Source: Chatham Courier, Beer tasting tonight benefits East Hanover animal shelter

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ISS Expo: D.C. Show a Success, Vegas Shines Bright on the Horizon

The Inside Self-Storage World Expo in Washington, D.C., wrapped up on Oct. 8 after four days of valuable seminars, a lively self-storage Q&A, a packed cocktail reception and two days of exhibit-hall action. Nearly 1,000 registered participants from around the globe gathered at the beautiful Gaylord National Resort & Convention Center.

Attendees—owners, investors, managers, builders, brokers and others―hailed from all segments of the industry. The expo also drew people from around the globe, representing countries including Australia, China, Russia and South Africa. Attendees sought real-world strategies to build or sustain their storage business in today’s difficult economic times. 

Marketing Education Lures Attendees

The expo kicked off with an opening session focused on self-storage marketing, a hot topic at this year’s show. Hosted by Derek Naylor of Storage Marketing Solutions and Mel Holsinger of Professional Self Storage Management, the presentation shared campaigns submitted by self-storage managers and operators to the recent ISS “Best in Self-Storage Marketing” contest.

The presentation included examples of creative print, radio, TV and Internet marketing campaigns. Among them were the “Naked Storage” video submitted by second-place winner Andrew Emory, and an eight-piece print-ad campaign submitted by third-place winners Stephanie and Joe Tharpe, managers of Lock Box Self Storage in St. Juliet, Tenn.

Derek Naylor (left) and Mel Holsinger (right) with Terri Gavins, first-place winner of the ISS "Best in Self-Storage Marketing" contest, at the ISS Expo in Washington, D.C.

First-place winner Terri Gavins, senior manager of Storage Center of Southwood in Tallahassee, Fla., was also recognized during the presentation. She was awarded $1,000 for her multi-faceted campaign comprising an overlapping newsletter, e-mail marketing, YouTube video (facility tour) and a grand-opening community event.

The impressive and creative campaigns illustrated the upgraded role marketing plays in attracting new self-storage tenants. “Marketing in the self-storage industry is no longer a luxury or passive activity,” Naylor says. “It’s an essential part of every successful operator’s game plan. The fact that ISS put such an emphasis on marketing tells me they’re paying attention to what operators need to hear and not hanging on to old topics that are no longer as relevant as they once were.”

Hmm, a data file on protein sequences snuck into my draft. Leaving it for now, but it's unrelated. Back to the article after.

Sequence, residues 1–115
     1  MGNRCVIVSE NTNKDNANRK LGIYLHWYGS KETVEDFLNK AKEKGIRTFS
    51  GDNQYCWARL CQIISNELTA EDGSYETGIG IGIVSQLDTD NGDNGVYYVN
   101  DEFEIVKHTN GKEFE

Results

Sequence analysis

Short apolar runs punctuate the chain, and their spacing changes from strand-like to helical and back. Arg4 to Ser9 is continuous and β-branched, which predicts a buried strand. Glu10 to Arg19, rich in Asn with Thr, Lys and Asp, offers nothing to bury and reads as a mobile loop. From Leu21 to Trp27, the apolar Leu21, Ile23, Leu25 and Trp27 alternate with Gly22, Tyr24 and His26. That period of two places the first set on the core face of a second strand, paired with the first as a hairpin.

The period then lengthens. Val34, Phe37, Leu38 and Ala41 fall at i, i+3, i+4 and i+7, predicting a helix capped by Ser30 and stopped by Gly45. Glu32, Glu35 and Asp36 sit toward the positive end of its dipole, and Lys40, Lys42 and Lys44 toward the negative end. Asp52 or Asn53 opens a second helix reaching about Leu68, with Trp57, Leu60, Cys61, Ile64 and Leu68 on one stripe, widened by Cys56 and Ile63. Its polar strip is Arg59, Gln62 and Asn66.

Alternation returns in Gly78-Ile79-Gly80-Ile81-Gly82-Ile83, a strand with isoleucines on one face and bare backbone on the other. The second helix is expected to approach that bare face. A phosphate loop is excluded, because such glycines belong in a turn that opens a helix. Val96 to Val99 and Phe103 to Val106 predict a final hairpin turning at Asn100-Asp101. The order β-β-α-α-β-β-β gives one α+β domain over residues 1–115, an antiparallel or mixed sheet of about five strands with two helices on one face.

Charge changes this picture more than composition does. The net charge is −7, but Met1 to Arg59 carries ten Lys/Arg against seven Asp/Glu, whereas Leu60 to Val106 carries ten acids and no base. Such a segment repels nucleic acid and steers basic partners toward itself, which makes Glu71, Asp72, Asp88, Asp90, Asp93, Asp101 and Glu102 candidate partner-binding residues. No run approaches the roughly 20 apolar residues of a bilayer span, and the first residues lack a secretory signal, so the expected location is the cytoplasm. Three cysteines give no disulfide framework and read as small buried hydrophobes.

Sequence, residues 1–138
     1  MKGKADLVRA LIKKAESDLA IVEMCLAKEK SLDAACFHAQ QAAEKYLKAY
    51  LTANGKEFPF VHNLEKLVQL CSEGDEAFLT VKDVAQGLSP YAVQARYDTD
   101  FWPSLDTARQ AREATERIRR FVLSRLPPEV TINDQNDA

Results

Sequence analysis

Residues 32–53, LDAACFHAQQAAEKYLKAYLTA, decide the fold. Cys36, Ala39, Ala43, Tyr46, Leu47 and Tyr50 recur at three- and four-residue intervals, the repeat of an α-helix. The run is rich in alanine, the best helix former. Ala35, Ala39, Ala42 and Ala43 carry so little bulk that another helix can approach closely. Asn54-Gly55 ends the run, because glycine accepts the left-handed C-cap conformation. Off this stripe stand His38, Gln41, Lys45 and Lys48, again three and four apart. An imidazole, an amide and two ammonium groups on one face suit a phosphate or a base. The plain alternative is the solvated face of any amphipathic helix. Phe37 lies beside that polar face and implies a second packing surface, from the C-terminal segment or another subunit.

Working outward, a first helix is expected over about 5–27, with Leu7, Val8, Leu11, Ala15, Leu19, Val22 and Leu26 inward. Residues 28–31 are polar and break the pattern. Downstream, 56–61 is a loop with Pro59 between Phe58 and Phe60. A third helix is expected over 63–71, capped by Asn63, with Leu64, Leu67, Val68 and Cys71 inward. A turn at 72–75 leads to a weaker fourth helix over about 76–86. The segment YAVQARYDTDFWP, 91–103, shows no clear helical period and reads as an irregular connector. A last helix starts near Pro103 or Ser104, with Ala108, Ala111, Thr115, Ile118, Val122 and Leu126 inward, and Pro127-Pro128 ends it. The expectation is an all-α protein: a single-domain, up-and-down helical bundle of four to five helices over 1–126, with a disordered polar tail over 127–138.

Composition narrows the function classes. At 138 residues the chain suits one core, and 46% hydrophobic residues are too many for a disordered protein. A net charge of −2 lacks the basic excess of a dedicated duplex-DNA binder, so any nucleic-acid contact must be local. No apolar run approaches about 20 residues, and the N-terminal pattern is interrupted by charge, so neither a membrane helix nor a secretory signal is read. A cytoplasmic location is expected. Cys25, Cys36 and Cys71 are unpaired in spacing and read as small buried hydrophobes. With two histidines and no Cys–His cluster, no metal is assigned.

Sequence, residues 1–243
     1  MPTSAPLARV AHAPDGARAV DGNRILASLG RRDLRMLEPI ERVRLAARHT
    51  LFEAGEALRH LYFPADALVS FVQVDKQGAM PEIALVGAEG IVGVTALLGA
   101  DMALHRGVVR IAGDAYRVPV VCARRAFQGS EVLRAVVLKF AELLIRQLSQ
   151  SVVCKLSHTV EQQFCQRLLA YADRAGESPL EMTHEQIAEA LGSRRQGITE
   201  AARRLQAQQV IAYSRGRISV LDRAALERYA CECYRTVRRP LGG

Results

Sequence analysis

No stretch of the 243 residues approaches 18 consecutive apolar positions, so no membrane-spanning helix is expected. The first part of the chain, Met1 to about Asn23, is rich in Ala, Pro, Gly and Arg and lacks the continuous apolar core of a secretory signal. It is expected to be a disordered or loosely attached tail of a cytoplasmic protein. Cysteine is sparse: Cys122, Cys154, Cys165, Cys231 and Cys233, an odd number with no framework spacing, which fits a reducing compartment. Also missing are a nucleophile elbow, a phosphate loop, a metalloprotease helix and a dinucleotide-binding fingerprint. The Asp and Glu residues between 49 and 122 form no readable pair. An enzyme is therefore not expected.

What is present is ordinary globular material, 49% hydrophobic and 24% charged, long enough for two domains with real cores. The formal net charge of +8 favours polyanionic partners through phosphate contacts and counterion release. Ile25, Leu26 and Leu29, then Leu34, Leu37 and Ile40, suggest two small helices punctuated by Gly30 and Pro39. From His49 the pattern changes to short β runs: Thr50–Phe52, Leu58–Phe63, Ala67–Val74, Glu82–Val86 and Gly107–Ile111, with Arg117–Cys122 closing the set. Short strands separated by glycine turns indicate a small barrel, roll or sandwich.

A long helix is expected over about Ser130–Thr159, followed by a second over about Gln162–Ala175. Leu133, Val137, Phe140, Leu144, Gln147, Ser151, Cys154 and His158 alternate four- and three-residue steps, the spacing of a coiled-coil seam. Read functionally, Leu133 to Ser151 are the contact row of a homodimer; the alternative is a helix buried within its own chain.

The marketing track, one of three concurrent tracks, often had standing-room only as attendees clamored for new strategies to market their businesses. Other popular seminar topics included new construction and development, financing in today’s tough market, boosting facility sales, green building, and improving day-to-day facility operations.

“The ISS Expo in Washington, D.C. far exceeded my expectations in terms of attendance and quality of attendees,” Naylor says. “It’s no secret the economy is tough right now.  If companies are willing to make an investment in furthering their education, they’re definitely a lot more serious about it than I’ve seen at previous shows.” 

Exhibit-Hall Highlights 

The two-day exhibit hall featured nearly 100 exhibitors from all facets of the industry including self-storage developers and builders, brokers, finance and insurance experts, door manufacturers, software vendors, and more.

Terry Campbell, vice president of sales and marketing for BETCO Inc., hailed the show as one of the year’s best. “The people who were there were quality people, and it’s actually less taxing on the vendors to deal with the decision-makers instead of others who don’t sign the checks,” he says. “We have gotten good results from the ISS shows, and that is why we were one of the major sponsors at this show and continue to do a lot of work with the folks at ISS.”

Software vendors particularly enjoyed quality leads during the show. “The Washington, D.C., expo was beneficial for us,” says John Fogg, general manager for Sentinel Systems Corp. Despite the slowdown in new construction, Fogg says Sentinel staff met with several quality prospects who are developing new properties.

Las Vegas Expo 2010

With the fall show behind us, all eyes are now on the annual ISS Expo in Las Vegas, the industry’s largest conference and tradeshow. The event will take place March 1-3, 2010, at the Paris Hotel & Resort.

This year’s theme, “When the going gets tough, the tough turn to the ISS expo,” acknowledges storage professionals’ challenges in today’s economy. The education program will include 36 seminars that address those challenges directly, broken into four detailed tracks.

  • Facility Marketing & Sales
  • Construction, Development & Green Initiatives
  • Finance, Insurance & Legal Issues